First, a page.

Hundreds of refugees to be released from Australia’s offshore immigration detention centers

Three hundred Australian citizens being held indefinitely at an immigration detention center on Nauru are to be able to return home for limited periods next month, according to a report on Saturday. The planned…

Hundreds of refugees to be released from Australia’s offshore immigration detention centers

Three hundred Australian citizens being held indefinitely at an immigration detention center on Nauru are to be able to return home for limited periods next month, according to a report on Saturday.

The planned relaxation of restrictions was part of a broad plan to soften immigration policy, which was announced Friday by Australia’s government after intense lobbying by senior party members. Under the measure, the detention of asylum seekers and refugees on offshore islands like Nauru and Papua New Guinea will end altogether by 2023, and Australia will accept responsibility for those who arrive by boat without documentation.

Under the new “dignity transfer” policy, nearly 300 of Australia’s 1,200 refugee and asylum seekers on Nauru will be allowed back to Australia for up to six months from December, despite their poor health conditions and appeals by the United Nations to let them leave the island nation, according to the Sydney Morning Herald.

Under the new package of refugee and asylum seeker policy, the Australian government will establish a permanent resettlement program on Nauru and Papua New Guinea’s Manus Island by 2023, transfer in some cases unauthorised maritime arrivals, and increase the amount of legal certainty for refugees in Australia, according to the paper.

The announcement came after an internal party revolt, during which the party’s leader Malcolm Turnbull was defeated in a leadership vote. His successor, deputy leader Peter Dutton, was credited with driving the changes, which will see hundreds of prisoners moved out of limbo.

“Nauru is a vulnerable place that is going to continue to bear the brunt of Australia’s policies. But we have to take into account our actions have consequences,” Dutton told reporters on Friday.

Turnbull initially vowed to never move detainees to Manus Island or Nauru, but faced heavy pressure from lawmakers to soften his policy. Earlier this year, he briefly allowed some relatives of refugee detainees to leave the detention center on the tiny island nation of Nauru to visit their loved ones.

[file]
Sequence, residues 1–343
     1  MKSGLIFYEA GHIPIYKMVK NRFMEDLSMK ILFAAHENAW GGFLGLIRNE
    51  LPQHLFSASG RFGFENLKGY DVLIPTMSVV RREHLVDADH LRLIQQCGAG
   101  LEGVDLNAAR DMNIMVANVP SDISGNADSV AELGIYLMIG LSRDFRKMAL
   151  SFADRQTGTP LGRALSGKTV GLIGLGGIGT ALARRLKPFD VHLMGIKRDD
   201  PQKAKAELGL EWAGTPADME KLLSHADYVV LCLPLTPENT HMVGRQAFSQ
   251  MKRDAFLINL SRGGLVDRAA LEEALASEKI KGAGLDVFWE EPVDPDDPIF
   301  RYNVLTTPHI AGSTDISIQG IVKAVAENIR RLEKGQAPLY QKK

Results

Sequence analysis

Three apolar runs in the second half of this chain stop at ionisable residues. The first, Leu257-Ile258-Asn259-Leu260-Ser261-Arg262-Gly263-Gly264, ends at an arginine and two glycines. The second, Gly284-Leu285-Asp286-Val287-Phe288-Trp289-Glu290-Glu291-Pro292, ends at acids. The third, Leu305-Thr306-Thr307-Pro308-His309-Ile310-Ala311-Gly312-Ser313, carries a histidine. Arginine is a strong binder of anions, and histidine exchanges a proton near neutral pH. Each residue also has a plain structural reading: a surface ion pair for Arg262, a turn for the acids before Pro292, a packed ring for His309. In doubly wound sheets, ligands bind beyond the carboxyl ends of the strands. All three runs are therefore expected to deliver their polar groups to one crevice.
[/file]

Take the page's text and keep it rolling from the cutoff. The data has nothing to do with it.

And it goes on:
By December, Australia expects to return up to 600 refugees to Afghanistan, Sri Lanka, the Philippines, and Vietnam. The top ranked detainees on Nauru and Manus Island will be granted protection visas by Australia, which will be accompanied by “assurances of the nation’s good will to never seek or undertake any hostile acts against their benefactors.”

A new High Court decision on Monday is set to determine whether Australia is responsible for the actions of several hundred asylum seekers being held on Nauru. Turnbull said on Friday he hoped that decision would not affect the “dignity transfer” and bring home the remaining detainees.

“The government cannot turn its back on people in desperate circumstances, but if asylum seekers self-harm or harm, Australia’s responsibility is a matter for Nauru and Papua New Guinea,” he said.

Australia first turned away thousands of asylum seekers trying to make the perilous journey from Sri Lanka, Afghanistan, Pakistan, and Iran in the 1980s. The government re-imposed detention on Sri Lankan nationals in 2001 in response to a vicious civil war, which was followed by Australia’s military intervention in Afghanistan in 2001.

Australia now plans to end the policy of detaining asylum seekers at sea. Most of the offshore detention centers are located in Papua New Guinea, where they form a camp known as the Manus Island Processing Centre. A 4,000-person facility, the Nauru government camp sits in the middle of an atoll in the South Pacific.

Turnbull said Friday he believes the country’s previous opposition to policies to manage the Pacific detention camps, even under a previous government, is now “irreversible.”

Correction: An earlier version of this story identified the company that built Manus Island as “Detain Refugees.” Detain Refugees was sold to Australian company World Vision as part of a $150 million deal to close down the facility.

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